Donations can be made, and in some areas shelters or Goodwill will even pick-up your contributions. This is the feel good part of the tag sale--knowing nothing will be wasted. The idea of a tag sale is to get rid of stuff that no longer looks good or not needed in your household.
Have lunch available and prepared the night before:
Have shifts for the sale workers to take lunch breaks. Keep plenty of bottled water and beverages on hand in a cooler. Make sure they can access a bathroom, but don’t let any customers enter your house and keep your doors locked.
Delivery is a problem for larger items:
I try to arrange for a friend to be available with a truck to make any local deliveries of items that can’t fit into a customer’s car. This was a flat fee that I paid that came from the total profits of the day. You will wow your customers when the price includes delivery.
Offer gift with purchase:
Give away cheap items that nobody wants with a minimum purchase. For example, that old broken down artificial Christmas tree from 1975 is free with any item over twenty dollars. Do this all day and have fun with it. You will be surprised how people become delighted by this.
Mark items down 4 hours prior to the end of your tag sale:
Understand that everything is negotiable, and do not be offended by a low offer. The best thing is to offer a blanket discount—all remaining items now 50% off! If people try to go below that, simply say, “I’ sorry but I could not take anything less than fifty dollars” unless you really want to get rid of it. At the end of the day, everything is negotiable and possibly free. It is your choice.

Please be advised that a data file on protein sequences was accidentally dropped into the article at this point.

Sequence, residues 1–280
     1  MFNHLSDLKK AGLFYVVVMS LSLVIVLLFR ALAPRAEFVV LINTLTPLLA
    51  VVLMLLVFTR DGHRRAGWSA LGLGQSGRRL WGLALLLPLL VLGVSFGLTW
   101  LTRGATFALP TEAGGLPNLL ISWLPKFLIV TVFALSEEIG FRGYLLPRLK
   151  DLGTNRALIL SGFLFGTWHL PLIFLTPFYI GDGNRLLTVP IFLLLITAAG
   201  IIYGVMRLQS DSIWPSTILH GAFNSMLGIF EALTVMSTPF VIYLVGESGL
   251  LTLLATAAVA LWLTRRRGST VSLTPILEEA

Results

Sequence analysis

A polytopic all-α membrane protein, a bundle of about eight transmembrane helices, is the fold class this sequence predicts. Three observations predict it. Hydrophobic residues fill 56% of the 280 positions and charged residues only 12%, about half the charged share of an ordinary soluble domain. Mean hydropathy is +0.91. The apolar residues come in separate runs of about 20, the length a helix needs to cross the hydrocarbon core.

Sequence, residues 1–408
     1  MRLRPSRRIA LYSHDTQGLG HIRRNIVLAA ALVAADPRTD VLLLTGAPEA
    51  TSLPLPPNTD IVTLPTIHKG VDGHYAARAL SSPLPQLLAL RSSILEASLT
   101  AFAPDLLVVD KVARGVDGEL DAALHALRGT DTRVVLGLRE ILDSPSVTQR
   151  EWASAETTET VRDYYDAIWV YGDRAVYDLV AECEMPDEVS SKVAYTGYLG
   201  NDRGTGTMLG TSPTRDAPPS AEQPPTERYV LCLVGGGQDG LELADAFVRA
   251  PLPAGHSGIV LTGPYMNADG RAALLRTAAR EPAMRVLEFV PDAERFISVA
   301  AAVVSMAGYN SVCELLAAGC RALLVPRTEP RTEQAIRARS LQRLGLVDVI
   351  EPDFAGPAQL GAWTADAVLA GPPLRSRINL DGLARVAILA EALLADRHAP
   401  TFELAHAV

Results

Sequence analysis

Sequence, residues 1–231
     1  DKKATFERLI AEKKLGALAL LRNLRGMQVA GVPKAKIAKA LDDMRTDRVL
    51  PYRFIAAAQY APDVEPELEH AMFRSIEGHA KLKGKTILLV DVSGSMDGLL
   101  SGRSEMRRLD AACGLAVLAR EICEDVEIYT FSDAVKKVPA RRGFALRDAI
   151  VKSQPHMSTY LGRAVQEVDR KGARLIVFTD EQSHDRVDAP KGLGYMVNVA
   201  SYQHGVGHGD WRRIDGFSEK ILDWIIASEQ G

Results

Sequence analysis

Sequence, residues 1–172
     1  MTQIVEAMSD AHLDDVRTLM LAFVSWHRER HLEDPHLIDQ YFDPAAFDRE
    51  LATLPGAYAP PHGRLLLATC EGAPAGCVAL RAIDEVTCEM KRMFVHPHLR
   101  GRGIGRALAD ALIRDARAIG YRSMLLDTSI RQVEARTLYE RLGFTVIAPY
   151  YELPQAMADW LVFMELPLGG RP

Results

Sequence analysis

Always try to get payment in cash. However, customers will want to pay with a check especially for more expensive items. Make sure it is a local instate check with a correct address. Check against the driver’s license to verify the information and always get a phone number. After many tag sales, I have never received a bounced check.
After having your own tag sale, you may get hooked. You will start to seek out others and compare. Some of my favorite treasures have come from a garage or tag sale. The possibilities are endless. Art, garden items, furnishings to name a few. Keep an open mind to the creative possibilities while shopping for these treasures. See it as it is, then imagine it as it could be. Enjoy, have fun, and discover. Invite friends to join you and make it a day. In the end, you will feel great that you not only found that perfect something you were looking for but you have a great story and a ball doing it. If you follow my tips for your own tag sale, you will make some handy cash.
And there you have it.